My name is Thomas Heaton, I am a landscape photographer based out of the north east of England. I travel the world in pursuit of perfect light and inspirational subjects. I wish to experience and spend as much time in the outdoors as possible and this is what drives my photography.
My images are all inspired by nature and the elements around us and I share my work and my adventures through my YouTube channel. My goal is to create beautiful pieces of work and show people that anybody can enjoy the outdoors, connect with nature and make beautiful images too.
Being in the outdoors can be a relaxing and calming experience, it can also be a high-octane adrenaline inducing experience and the latter can make for some truly inspirational photography. A great action sports image should instantly change the state of mind of the viewer by stirring up feelings of excitement, fear, curiosity and inspiration. Ultimately a good sports/action image should be part of the building blocks that inspire a person to achieve great things and push new boundaries.
Capturing the moment, the pain and the struggle will help tell a powerful story. Atmosphere and the true moment come first.
Include the environment. When photographing your subject, it is tempting to fill the frame with their awesomeness, however space and context are very important. If you are photographing climbers scaling a glacier, try pulling wide to include the whole glacier and reducing the climbers to ant sized figures. This will give the image a lot of impact as the viewer can now see the scale of what the climbers face.
Don’t be afraid of getting things less than perfect. Sharpness, perfect exposure and a clean lens should be low on your list of priorities when photographing action sports. To get a great image you will have to get in amongst the action and this will mean shooting in hard, inhospitable environments. You will have to act fast and stay safe. Capturing the moment, the pain and the struggle will help tell a powerful story. If there is rain on your lens, then the viewer knows it was wet. If your image has motion blur, the viewer knows you were moving fast. If your highlights are blown out, the viewer knows that the sun was blasting down on the snow, but your subject was skiing in the shadow of the mountain. Atmosphere and the true moment come first.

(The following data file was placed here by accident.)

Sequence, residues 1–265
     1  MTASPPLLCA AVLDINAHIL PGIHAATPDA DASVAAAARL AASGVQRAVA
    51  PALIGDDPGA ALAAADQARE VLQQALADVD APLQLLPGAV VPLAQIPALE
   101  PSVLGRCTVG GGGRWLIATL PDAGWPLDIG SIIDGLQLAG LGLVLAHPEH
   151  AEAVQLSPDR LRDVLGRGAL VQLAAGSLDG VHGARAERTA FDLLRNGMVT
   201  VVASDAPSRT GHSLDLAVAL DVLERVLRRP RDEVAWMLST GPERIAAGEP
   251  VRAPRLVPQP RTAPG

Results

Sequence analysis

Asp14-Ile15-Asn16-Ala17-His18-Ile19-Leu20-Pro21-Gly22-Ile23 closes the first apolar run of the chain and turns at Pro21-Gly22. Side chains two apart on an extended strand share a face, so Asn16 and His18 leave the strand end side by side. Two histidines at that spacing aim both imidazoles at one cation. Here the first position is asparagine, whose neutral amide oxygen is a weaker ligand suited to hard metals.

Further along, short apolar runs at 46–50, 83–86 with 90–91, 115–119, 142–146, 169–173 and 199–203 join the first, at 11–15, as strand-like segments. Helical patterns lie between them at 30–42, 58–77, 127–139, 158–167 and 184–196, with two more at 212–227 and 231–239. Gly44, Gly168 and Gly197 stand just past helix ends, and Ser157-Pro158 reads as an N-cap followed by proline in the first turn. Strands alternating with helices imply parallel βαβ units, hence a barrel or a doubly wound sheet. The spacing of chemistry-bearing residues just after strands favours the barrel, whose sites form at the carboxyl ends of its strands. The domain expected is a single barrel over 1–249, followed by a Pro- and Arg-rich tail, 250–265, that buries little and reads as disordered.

Plan the perfect shot. Whilst a lot of sports are fast and frantic, some are controlled and more methodical. If you are planning a shoot of your friends climbing an E6, scout the crag first. See which direction it is facing and the time of day you will need to shoot to get the best light. Think about composition and which part of the route has the most dynamic move. All of this will help ensure you tell the best story.